Situated in the Pacific Ocean some 1,000 km from the South American continent, these nineteen islands and the surrounding marine reserve have been called a unique 'living museum and showcase of evolution'. Located at the confluence of three ocean currents, the Galapagos are a 'melting pot' of marine species. Ongoing seismic and volcanic activity reflect the processes that formed the islands. These processes, together with the extreme isolation of the islands, led to the development of unusual animal life - such as the land iguana, the giant tortoise and the many types of finch - that inspired Charles Darwin's theory of evolution following his visit in 1835.
Quito, the capital of Ecuador, was founded in the 16th century on the ruins of an Inca city and stands at an altitude of 2,850 m. Despite the 1917 earthquake, the city has the best-preserved, least altered historic centre in Latin America. The monasteries of San Francisco and Santo Domingo, and the Church and Jesuit College of La Compañía, with their rich interiors, are pure examples of the 'Baroque school of Quito', which is a fusion of Spanish, Italian, Moorish, Flemish and indigenous art.
With its outstanding natural beauty and two active volcanoes, the park illustrates the entire spectrum of ecosystems, ranging from tropical rainforests to glaciers, with striking contrasts between the snowcapped peaks and the forests of the plains. Its isolation has encouraged the survival of indigenous species such as the mountain tapir and the Andean condor.
Santa Ana de los Ríos de Cuenca is set in a valley surrounded by the Andean mountains in the south of Ecuador. This inland colonial town (entroterra), now the country's third city, was founded in 1557 on the rigorous planning guidelines issued 30 years earlier by the Spanish king Charles V. Cuenca still observes the formal orthogonal town plan that it has respected for 400 years. One of the region's agricultural and administrative centres, it has been a melting pot for local and immigrant populations. Cuenca's architecture, much of which dates from the 18th century, was 'modernized' in the economic prosperity of the 19th century as the city became a major exporter of quinine, straw hats and other products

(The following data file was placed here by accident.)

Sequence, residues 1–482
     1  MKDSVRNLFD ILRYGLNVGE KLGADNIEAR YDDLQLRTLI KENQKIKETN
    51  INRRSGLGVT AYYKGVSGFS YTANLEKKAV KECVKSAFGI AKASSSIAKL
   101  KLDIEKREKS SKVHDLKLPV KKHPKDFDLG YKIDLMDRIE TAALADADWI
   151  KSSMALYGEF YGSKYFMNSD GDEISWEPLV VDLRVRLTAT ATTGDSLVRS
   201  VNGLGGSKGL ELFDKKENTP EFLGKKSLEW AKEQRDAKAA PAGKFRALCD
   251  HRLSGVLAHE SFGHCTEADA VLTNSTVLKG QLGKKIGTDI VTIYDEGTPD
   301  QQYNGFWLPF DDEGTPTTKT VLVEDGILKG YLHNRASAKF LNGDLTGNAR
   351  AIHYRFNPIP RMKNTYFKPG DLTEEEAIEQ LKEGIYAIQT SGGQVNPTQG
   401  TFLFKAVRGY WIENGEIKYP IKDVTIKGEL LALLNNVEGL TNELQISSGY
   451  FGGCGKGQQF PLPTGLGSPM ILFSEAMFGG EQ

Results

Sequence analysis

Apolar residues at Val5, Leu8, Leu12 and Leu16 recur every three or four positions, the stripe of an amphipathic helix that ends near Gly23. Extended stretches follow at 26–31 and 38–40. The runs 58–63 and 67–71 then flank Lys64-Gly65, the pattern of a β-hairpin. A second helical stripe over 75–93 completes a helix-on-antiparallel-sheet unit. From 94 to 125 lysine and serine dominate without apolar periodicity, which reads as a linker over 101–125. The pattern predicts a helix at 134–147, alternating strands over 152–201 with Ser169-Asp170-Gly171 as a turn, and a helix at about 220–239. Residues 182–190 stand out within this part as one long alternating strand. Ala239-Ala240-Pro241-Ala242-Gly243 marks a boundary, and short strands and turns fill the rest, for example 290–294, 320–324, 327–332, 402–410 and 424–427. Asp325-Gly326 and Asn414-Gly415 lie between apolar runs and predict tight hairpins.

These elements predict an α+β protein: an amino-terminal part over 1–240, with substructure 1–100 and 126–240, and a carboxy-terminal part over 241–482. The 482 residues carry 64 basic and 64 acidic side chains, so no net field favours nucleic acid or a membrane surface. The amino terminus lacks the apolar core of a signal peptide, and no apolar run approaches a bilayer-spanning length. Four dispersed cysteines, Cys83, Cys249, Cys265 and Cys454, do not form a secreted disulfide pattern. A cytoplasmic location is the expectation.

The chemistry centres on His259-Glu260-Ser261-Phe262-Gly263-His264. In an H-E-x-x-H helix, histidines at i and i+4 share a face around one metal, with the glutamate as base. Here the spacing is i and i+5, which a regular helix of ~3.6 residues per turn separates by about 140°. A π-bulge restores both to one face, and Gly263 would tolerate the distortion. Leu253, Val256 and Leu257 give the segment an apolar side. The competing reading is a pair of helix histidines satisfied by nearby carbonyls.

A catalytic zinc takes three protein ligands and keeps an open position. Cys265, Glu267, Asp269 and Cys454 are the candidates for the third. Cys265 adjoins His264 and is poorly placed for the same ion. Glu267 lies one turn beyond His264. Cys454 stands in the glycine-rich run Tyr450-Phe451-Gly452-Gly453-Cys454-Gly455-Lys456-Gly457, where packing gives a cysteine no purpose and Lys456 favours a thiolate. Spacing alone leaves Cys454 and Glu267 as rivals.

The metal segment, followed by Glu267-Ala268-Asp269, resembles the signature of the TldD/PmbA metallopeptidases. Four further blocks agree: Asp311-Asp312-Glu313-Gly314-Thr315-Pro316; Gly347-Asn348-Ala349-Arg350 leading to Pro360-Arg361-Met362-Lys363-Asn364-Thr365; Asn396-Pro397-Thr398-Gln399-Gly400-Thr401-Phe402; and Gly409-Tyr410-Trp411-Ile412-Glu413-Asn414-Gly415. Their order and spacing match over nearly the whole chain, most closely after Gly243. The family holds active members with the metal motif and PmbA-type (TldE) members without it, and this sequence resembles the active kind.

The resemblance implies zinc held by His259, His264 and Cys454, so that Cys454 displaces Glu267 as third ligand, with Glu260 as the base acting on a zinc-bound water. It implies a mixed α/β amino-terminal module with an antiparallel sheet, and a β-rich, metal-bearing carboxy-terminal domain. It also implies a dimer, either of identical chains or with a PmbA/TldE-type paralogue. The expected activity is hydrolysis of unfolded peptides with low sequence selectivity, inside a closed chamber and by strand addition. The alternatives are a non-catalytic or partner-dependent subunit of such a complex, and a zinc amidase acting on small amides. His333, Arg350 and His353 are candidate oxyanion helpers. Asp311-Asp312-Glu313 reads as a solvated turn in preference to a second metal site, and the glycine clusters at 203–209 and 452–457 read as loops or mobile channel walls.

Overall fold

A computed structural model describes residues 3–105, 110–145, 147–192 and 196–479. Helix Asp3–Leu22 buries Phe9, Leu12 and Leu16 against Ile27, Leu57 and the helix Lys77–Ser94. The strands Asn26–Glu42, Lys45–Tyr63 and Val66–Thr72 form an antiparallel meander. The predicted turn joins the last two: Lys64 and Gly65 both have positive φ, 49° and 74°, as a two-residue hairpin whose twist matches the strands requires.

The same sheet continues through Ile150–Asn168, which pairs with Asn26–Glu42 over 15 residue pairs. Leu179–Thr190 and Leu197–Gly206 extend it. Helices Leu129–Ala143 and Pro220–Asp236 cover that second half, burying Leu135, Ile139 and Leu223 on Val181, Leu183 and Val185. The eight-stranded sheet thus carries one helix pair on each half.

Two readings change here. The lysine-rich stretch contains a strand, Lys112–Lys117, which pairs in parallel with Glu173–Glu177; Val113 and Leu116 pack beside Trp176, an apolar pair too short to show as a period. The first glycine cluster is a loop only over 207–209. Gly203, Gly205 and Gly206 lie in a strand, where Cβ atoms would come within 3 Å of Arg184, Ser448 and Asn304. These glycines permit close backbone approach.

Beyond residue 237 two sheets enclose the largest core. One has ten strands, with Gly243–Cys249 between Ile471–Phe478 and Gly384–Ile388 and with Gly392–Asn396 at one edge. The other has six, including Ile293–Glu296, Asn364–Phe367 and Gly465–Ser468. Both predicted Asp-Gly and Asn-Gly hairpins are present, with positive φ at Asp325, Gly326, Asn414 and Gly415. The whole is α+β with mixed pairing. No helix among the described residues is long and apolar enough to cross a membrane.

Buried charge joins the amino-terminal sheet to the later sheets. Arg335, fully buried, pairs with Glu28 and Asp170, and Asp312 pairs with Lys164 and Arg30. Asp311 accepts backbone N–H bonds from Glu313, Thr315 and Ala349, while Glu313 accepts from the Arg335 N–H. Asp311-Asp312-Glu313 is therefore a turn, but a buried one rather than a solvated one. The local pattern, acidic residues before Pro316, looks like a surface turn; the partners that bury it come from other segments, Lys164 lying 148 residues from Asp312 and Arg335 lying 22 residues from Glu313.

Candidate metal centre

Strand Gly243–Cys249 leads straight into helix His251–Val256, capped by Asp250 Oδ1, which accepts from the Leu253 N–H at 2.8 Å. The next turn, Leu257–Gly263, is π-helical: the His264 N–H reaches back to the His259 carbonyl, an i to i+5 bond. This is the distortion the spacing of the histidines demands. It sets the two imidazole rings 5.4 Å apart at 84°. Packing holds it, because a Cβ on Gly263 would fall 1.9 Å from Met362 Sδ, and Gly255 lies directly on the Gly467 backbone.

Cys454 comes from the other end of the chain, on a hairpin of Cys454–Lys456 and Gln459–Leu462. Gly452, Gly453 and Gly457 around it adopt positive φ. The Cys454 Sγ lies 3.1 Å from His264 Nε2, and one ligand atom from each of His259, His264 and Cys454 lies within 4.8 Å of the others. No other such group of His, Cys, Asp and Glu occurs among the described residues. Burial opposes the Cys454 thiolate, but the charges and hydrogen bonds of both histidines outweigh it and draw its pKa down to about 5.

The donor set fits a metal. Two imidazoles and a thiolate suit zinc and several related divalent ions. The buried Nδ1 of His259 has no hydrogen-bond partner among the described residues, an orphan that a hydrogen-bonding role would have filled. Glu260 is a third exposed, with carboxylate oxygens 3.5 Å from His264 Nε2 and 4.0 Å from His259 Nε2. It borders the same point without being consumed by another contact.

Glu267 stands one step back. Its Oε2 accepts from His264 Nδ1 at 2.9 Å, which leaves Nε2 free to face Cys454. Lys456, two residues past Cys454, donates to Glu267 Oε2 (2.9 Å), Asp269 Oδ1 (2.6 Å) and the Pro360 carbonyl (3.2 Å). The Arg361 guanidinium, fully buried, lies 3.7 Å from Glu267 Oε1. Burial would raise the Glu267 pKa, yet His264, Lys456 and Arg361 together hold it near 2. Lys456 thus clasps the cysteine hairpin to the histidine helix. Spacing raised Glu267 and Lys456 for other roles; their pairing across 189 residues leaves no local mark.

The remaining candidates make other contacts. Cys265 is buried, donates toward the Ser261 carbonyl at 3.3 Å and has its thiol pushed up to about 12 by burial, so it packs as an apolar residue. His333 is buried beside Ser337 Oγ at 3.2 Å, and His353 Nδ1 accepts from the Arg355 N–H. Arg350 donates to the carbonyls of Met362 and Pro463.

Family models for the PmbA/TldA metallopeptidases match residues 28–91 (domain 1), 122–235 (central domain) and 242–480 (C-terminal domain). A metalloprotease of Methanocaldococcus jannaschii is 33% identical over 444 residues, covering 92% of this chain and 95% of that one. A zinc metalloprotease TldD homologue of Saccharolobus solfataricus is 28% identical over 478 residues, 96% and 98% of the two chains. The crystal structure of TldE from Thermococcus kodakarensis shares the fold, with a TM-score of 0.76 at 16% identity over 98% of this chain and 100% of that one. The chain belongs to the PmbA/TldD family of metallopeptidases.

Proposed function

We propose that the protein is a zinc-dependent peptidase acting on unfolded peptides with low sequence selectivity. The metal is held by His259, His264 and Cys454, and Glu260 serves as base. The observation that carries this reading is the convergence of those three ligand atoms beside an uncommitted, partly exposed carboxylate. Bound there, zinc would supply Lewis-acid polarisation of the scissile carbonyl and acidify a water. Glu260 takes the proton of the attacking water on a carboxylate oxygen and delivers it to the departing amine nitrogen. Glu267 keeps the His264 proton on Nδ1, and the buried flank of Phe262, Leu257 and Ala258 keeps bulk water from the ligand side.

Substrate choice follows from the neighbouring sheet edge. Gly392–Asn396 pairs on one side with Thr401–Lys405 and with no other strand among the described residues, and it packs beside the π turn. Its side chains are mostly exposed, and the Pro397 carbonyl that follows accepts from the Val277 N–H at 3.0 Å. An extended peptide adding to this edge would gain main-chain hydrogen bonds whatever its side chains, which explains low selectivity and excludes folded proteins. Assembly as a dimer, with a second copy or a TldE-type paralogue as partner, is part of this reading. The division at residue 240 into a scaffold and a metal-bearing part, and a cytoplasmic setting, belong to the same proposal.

Yasuni National Park, located in Ecuador's Amazon region, is the most biologically diverse forest on the planet. UNESCO named Yasuni a biosphere reserve in 1989. A small part of the park, known as Ishpingo-Tiputini-Tambococha (ITT), is home to at least two indignenous tribes, the Tagaeri and Taromenane, who maintain their traditional lifestyles in voluntary isolation. ITT also contains nearly a billion barrels of oil. The Ecuadorian government has proposed that the international community compensate the Ecuadorians for keeping this oil in the ground, thereby protecting the uniqueness of its biodiversity and contributing to global initiatives to protect the environment
Edinburgh has been the Scottish capital since the 15th century. It has two distinct areas: the Old Town, dominated by a medieval fortress; and the neoclassical New Town, whose development from the 18th century onwards had a far-reaching influence on European urban planning. The harmonious juxtaposition of these two contrasting historic areas, each with many important buildings, is what gives the city its unique character
Founded by the Romans as a thermal spa, Bath became an important centre of the wool industry in the Middle Ages. In the 18th century, under George III, it developed into an elegant town with neoclassical Palladian buildings, which blend harmoniously with the Roman baths.
Westminster Palace, rebuilt from the year 1840 on the site of important medieval remains, is a fine example of neo-Gothic architecture. The site – which also comprises the small medieval Church of Saint Margaret, built in Perpendicular Gothic style, and Westminster Abbey, where all the sovereigns since the 11th century have been crowned – is of great historic and symbolic significance.
This historic landscape garden features elements that illustrate significant periods of the art of gardens from the 18th to the 20th centuries. The gardens house botanic collections (conserved plants, living plants and documents) that have been considerably enriched through the centuries. Since their creation in 1759, the gardens have made a significant and uninterrupted contribution to the study of plant diversity and economic botany.
Stonehenge and Avebury, in Wiltshire, are among the most famous groups of megaliths in the world. The two sanctuaries consist of circles of menhirs arranged in a pattern whose astronomical significance is still being explored. These holy places and the nearby Neolithic sites are an incomparable testimony to prehistoric times.